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Interested in learning more about how Tor Browser works and whether it’s a worthy alternative to regular browsers? This article goes through all the pros and cons of the anonymous browser of the Tor Network.

How Does Tor Browser Work?

The Tor Browser sends all traffic data through the Tor Network. Some also call it the anonymity network. It does so by connecting to a server with a list of Tor nodes and bouncing the connection through three different proxies.

There’s an entry node, a middle relay, and an exit node that are selected at random. The connection between these different nodes is encrypted, and the IP addresses aren’t public. It makes the whole process safe and anonymous.

The Advantages of Using the Tor Browser

It’s Entirely Free

The Tor Browser is easy to download and install and doesn’t cost a penny to boot. Volunteers created and run the Tor Project, so donations are welcome. Moreover, the code is open-source, which means anyone can review it. It ensures that the code stays secure, and no one can use it for any hidden exploitative money-making purposes.

Tor is the Only Way to Access Onion Sites

Some people call onion sites the dark web, which is true to a degree. You cannot access these sites by any means other than via Tor and the Tor Browser. Of course, few people are inclined to visit onion sites. But contrary to popular belief, these sites are not used for illegal practices only. There are many journalists, dissidents, and those who want the freedom of speech who use .onion sites as well.

It’s More Secure than Regular Browsers

Thanks to the way it routes traffic as well as various other security-centered features such as NoScript, HTTPS Everywhere, and encrypted data, Tor is a secure browser. Most of the time, a lot safer than regular browsers, which log massive amounts of data and sell that data to the highest bidders. Not to mention scammers and hackers prowling popular browsing platforms for openings to exploit.

Developers have made great strides to increase users’ safety and anonymity while using Tor. Though ISPs and governments still have ways of tracking Tor users. For example, both the FBI and CIA monitor Tor and have had crackdowns on people conducting illegal activities.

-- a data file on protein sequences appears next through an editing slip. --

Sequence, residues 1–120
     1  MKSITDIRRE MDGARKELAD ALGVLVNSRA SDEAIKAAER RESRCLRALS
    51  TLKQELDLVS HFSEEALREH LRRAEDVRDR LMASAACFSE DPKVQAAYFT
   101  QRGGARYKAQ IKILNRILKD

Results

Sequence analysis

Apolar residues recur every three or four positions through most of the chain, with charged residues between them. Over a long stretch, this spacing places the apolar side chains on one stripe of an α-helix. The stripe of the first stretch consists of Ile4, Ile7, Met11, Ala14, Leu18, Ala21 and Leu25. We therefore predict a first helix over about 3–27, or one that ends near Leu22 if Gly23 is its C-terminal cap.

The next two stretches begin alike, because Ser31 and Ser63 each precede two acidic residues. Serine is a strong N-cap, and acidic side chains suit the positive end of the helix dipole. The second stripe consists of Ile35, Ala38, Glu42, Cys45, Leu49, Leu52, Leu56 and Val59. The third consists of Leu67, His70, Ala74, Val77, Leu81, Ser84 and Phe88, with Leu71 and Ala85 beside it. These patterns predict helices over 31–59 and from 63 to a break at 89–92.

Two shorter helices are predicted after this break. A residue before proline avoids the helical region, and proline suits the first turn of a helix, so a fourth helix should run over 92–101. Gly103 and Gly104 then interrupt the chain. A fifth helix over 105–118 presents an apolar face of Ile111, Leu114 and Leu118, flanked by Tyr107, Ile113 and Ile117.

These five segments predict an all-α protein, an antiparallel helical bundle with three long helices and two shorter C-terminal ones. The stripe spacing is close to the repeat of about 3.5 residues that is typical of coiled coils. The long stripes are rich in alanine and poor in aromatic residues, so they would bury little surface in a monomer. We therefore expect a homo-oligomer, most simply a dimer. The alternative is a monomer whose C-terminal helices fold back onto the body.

The Downsides of Using Tor

Expect a Slower Connection (Compared to Regular Browsers)

The Tor bounces your connection off of different nodes. This system causes the connection to travel farther and longer than usual. Nodes can be far away from each other as well. Thus, the connection often runs through different countries before reaching its final destination. And it can take some time. So, compared to regular browsers, Tor provides a slower experience.

Exit Nodes Don’t Encrypt Traffic

Tor’s system works well for hiding an IP address, but it doesn’t “hide” any of the data sent through. Once data exits the last node, it would be easy to extract it. Thus, it’s possible that anyone watching the exit node could be able to steal any information they want.

That is why it’s critical to use additional encryption for privacy. Many VPN services add some much-needed assurance that can beef up the network security by encrypting it. Some VPNs also have features to send your connection via the Tor network without even using the Tor Browser. This way, you hit two birds with one stone: your traffic goes through Tor, and it is encrypted at all times.

Some Scripts are Blocked, Disabling Certain Online Features

Anonymity does come with a few sacrifices — mainly in the form of convenience. Slower loading speeds is one thing, but some websites won’t work at all. There are websites (and popular ones too) that block Tor. They might load partially or not at all, and the error messages won’t always make the reasons clear.